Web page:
You probably know Tyler Florence as a celebrity chef and Food Network star. What you might not know is that he is also the co-founder of Sprout Foods, a father and an advocate for healthy diets for kids.
Good food, flavor and more
Adults know a lot about flavors and nutritional benefits of healthy foods like quinoa and butternut squash, but do babies, toddlers and children? Maybe not so much.
“As a father, I’m always thinking how I can get my children to eat healthy, even when time is an issue,” says Tyler. “As a chef, I want to treat them to foods that are delicious and create a great relationship with a variety of foods.”
So he co-created Sprout Food and developed a line of food that is 100 percent organic, using unique cooking methods and flavor combinations that babies and children love. With its creative, nutritious recipes, and innovative, eco-friendly pouch packaging, Sprout Food offers children’s food in stages, from babies to toddlers.
We had the opportunity to hear from Geoff Stella, Sprout Food healthy living expert, to get an understanding of what Sprout is all about.
SheKnows: How is Sprout Baby Food made so it appeals to children? Does that differ from developing recipes that appeal to adults?
Geoff Stella: We use interesting ingredient combinations that enhance each other to bring out wonderful flavor combinations. Many of our recipes feature ingredients that are not commonly served or mixed together, but we carefully choose high-quality, organic ingredients that we know will create amazing flavor experiences. That’s why kids — and adults — love our products.
Creating food for children and adults is very similar when you start with the best organic ingredients and focus on developing great-tasting flavor combinations. For babies with growing appetites who are learning to self-feed, we begin with heavily pureed foods, and increase the heartiness of our recipes as they grow into toddlerhood.
SK: Do you think babies and children are able to tell the difference between good, healthy food, and food that’s not so healthy?
GS: We believe it’s important to introduce healthful, good-for-you foods as early as possible so it’s easier to encourage a love of healthy foods for a lifetime. Kids who are conditioned that way are probably more likely to turn their noses up at heavily sweetened foods because they really won’t taste like “real” food to them.
SK: What makes Sprout Food unique, from the food to the packaging?
GS: At Sprout, our mission is to offer babies and kids a wide variety of great-tasting nutritious foods right from the start. This encourages the development of taste preferences and thus healthy eating habits to last a lifetime.
We feature combinations of fruits, veggies, grains and proteins, and we were the first company to include veggies at every stage. Consequently, we help parents offer their children a more balanced diet than the fruit-dominated recipes commonly offered by other brands. Our meals come in resealable squeeze pouches, convenient serving trays and easy-open packs, some with microwave convenience. And all of our packaging offers parents the safety of being BPA-free.
SK: What are the benefits of eating organic foods?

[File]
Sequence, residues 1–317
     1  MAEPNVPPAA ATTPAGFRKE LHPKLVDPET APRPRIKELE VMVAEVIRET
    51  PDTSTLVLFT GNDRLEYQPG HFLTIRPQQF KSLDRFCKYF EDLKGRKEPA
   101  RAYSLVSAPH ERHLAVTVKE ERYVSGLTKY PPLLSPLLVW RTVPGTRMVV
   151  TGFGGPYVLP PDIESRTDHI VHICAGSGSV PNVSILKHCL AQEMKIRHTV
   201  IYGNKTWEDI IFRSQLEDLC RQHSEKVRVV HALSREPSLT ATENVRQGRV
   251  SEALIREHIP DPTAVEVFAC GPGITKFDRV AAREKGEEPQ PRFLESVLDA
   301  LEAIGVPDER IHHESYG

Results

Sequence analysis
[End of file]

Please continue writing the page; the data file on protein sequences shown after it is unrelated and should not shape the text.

GS: Organic foods should have no additives, preservatives or pesticides of any kind. They’re often richer in important nutrients like antioxidants than conventionally produced foods, and organic foods are good for farmers, animals and the environment
SK: What upcoming food trends for kids do you see heading our way?
GS: One would be the continued use of healthy grains, like quinoa, millet, barley and brown rice. Also, the interesting use of “super foods,” such as acai, Greek yogurt and blueberries.
SK: What would you tell new parents about children and nutrition?
GS: It’s important to start as early as possible introducing healthy fruits, vegetables, grains and proteins to children so they develop a familiarity and love for these foods.
Variety is important, too, and combining vegetables with fruits, grains and proteins can be a way to help develop their palate, along with providing important nutrients
SK: Are your products developed with food allergies in mind?
GS: We develop all of our products with key allergens in mind, and are sensitive to the needs of parents. Our packaging is clearly labeled so it’s easy to discern if a particular flavor variety is right for their child.
Make a great meal
For summer, try this recipe by Tyler Florence using Sprout Food and home-grown or locally grown vegetables for a healthy option that even children will love.
Sweet and savory butternut squash and carrot soup
- 1 onion, chopped
- 1 garlic clove, sliced or minced
- 2 pouches of Sprout Sweet Baby Carrots
- 3 pouches of Sprout Roasted Butternut Squash
- 2 cups low-sodium chicken stock
- Salt and pepper to taste
- 4 tablespoons butter (less if you prefer) or 2 tablespoons of olive oil
- Maple syrup (optional; about 1 tablespoon is recommended)
- Melt 2-4 tablespoons of butter in a pot over medium heat. Add the onion and gently saute it until it’s tender, about 5 minutes.
- Add the garlic and saute it for about 3 minutes, just until it begins to brown.
- Add the Sprout Butternut Squash and Carrots, and chicken stock, and cook until it’s heated through. Alternatively, you can use less or add stock or cream to reach your preferred soup thickness.
- Add salt, pepper and maple syrup to taste.
To learn more, visit Sprout.